When you’re in the busy years of raising a family and building a career, it can feel like you’re always doing things for other people. One way to combat that feeling of being overwhelmed? Tranquility by Tuesday Rule #7: Take one night for you. Taking one night each week to do something that is not work and is not caring for family can be life-changing.
I often suggest making a commitment to something — joining a choir, a softball team, or doing a regular volunteer gig — because the commitment aspect makes it happen. You can “take one night for you” by taking a bubble bath, but since that can happen whenever (your bath tub isn’t going anywhere), it will get bumped if life gets busy, or if someone would prefer you do something else. If you play in a string quartet, on the other hand, you have to be there for the rehearsals…or they are a string trio.
In any case, the usual question I get about this rule is “how.” People have multiple young kids and no childcare, or they work late or unpredictably, or so forth. The logistics are challenging.
But after I started sharing this rule broadly I started to hear a different question — “what?”
As in, I don’t even know what I’d want to commit to. How do I figure out what I’d want to do one night a week that would make me feel energized and excited about life?
For me this question has been relatively easy, as I’ve always loved to sing. I have sung in choirs for most of my adult life. More practically: I am a regular church attendee, and my church has a choir, so I’m either listening to the choir or singing with it most weeks one way or the other, and active participation sounds better than the alternative.
But many times people don’t know. You can be so busy for so long that you just haven’t thought about it. One Tranquility by Tuesday participant told me that “It’s hard to even comprehend having a night off that isn’t for work.” Another lamented that ‘I really don’t know, which is probably the crux of the problem. What to do, not when to do it.”
So if you, too, are stumbling over this question, try a few things.
1. Think back. What activities did you do as a kid, or as a young adult? People do lots of extra-curricular activities in high school and college. Did you particularly look forward to any of them? Try to list a handful of things you enjoyed.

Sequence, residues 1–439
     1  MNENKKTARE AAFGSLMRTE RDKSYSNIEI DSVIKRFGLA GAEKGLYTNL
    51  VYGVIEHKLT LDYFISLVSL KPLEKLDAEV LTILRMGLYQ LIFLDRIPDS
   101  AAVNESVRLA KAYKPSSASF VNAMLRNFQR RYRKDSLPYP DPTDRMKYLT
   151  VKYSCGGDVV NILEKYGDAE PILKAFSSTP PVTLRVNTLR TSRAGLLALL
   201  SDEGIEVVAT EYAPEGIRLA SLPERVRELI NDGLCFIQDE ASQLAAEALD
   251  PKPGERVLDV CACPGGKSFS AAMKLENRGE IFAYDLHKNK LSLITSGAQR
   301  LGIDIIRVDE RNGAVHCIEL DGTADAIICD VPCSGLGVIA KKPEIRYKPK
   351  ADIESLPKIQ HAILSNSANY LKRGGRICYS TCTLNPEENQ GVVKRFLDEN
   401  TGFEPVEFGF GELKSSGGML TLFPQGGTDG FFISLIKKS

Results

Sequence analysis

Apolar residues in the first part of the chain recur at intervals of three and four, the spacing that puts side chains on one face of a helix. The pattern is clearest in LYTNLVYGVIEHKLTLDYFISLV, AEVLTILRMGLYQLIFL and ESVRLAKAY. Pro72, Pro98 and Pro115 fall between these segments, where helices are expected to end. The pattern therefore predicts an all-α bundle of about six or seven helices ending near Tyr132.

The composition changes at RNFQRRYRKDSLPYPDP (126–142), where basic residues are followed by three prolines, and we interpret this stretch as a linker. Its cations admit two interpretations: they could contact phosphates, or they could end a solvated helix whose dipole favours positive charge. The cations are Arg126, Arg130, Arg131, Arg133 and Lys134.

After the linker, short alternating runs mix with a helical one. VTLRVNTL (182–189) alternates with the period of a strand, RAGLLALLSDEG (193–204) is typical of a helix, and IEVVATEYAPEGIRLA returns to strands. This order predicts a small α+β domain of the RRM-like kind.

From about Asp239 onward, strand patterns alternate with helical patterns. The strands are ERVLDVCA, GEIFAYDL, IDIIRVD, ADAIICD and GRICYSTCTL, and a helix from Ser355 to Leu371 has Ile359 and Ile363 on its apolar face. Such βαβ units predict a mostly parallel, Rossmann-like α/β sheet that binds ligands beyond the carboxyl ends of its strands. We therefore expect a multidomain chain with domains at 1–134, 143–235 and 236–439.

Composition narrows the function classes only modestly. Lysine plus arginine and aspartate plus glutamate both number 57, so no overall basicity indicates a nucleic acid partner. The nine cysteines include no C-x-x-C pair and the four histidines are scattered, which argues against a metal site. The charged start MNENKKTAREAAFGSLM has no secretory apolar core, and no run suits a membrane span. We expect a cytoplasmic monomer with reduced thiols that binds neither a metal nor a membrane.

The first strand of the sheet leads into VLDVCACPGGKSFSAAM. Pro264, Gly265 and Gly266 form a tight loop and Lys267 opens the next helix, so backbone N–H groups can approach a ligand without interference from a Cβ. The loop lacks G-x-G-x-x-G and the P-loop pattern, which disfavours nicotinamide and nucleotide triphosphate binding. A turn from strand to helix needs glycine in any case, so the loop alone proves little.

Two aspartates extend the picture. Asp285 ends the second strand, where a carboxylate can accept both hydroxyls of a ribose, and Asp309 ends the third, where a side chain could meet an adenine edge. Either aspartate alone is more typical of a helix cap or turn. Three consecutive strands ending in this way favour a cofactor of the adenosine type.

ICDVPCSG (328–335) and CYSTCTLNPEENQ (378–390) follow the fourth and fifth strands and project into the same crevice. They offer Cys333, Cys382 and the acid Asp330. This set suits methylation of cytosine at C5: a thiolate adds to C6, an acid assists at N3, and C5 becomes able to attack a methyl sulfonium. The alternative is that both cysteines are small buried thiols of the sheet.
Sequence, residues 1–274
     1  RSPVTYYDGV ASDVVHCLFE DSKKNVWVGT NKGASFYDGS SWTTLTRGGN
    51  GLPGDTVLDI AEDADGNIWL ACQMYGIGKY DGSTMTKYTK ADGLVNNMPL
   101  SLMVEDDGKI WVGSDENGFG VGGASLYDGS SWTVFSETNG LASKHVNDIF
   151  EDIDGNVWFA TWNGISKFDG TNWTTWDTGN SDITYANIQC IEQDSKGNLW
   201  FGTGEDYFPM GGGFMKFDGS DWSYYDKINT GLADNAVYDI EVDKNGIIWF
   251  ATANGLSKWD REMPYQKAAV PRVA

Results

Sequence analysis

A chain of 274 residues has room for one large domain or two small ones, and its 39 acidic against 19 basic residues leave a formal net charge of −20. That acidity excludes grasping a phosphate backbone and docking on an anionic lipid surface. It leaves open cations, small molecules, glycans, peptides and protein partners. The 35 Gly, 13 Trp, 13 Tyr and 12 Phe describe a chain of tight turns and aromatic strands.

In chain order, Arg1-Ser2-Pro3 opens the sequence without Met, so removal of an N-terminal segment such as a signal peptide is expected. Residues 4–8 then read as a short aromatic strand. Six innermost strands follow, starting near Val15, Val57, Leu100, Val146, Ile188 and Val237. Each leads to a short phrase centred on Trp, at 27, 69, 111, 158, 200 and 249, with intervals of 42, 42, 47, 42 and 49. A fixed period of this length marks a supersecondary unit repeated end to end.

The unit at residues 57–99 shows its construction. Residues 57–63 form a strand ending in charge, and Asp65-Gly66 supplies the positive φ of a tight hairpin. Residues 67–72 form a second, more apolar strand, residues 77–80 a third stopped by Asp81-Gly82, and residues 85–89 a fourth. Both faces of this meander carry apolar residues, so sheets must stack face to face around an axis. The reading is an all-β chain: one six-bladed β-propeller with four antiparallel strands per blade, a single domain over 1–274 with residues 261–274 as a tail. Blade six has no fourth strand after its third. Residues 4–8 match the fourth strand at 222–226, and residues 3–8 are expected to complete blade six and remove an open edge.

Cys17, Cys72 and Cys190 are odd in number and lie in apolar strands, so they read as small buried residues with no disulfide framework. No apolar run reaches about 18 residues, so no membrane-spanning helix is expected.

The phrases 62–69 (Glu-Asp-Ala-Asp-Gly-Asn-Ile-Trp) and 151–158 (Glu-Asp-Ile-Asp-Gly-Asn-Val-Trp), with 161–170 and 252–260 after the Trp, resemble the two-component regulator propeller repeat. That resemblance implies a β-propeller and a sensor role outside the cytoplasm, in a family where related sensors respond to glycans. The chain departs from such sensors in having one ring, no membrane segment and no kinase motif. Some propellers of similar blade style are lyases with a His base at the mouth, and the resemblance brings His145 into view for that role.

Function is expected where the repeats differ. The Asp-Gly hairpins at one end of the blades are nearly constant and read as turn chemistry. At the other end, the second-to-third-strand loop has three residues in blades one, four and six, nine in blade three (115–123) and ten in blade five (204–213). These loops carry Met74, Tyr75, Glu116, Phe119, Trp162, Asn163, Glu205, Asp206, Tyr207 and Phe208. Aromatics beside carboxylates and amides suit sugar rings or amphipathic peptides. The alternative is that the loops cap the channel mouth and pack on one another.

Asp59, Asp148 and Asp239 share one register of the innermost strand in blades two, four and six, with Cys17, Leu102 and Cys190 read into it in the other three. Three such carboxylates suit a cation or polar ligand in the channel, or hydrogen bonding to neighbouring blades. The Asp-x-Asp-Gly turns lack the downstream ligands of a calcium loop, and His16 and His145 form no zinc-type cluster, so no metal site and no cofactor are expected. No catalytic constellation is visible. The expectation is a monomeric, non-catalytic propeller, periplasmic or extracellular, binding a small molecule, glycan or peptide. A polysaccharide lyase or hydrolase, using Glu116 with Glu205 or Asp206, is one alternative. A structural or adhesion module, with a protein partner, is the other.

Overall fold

2. Ask around. Different communities have different options, and often the only way to find out about more off-beat activities is to know someone who’s involved. This is a great use of weak ties. You know what your best friends do for fun. You don’t know what all the posters in your neighborhood parents Facebook page do. So ask them. You may not find a perfect overlap, but you could think broadly. You’d like to sing in an a cappella group, but if there isn’t one, you could sing in a choir. Your first choice sport is softball, but the local adult kickball league is more active, so you go with that.
3. Try something out. Since I want people to get started with “take one night for you” right away, stop gap measures are fine as you hunt around. Nothing needs to be locked in forever. You could take an adult ice skating class for six weeks and just see how it goes. You can also try things out as you wait for other opportunities — taking music lessons if your local community orchestra isn’t holding auditions until next fall.
4. Tune up as necessary. It’s quite possible that your first attempt won’t be perfect. But that’s OK. The point is to get in the habit of carving out time for your interests, and as you do, you will become more aware of what is available and what might be possible. Your music instructor will point you toward a small ensemble that needs a trumpet player, or a friend on your kickball team will suggest you both go play in a softball league that’s starting up one town over.
Over time, you’ll find yourself doing what you want to do. And then you won’t be able to imagine life without taking this night “off” from your other responsibilities. You will look forward to it all week— and that is the point of this Tranquility by Tuesday rule.
Do you take one night “off?” What do you do with it? How did you choose that?
In other news: For some upcoming articles I would love to talk to people who have seen results from trying a few other rules. Have you given yourself a bedtime and want to talk about it? Let me know! I’m also looking for some folks who have leaned in to the “effortful before effortless” rules and have shifted how they spend their leisure time. As always, you can reach me at laura at lauravanderkam.com.
Reviews! I’m loving some of the TBT reviews that people are posting. Yesterday, Elisabeth Frost posted a lovely write up over at her blog (which you should start reading regularly!).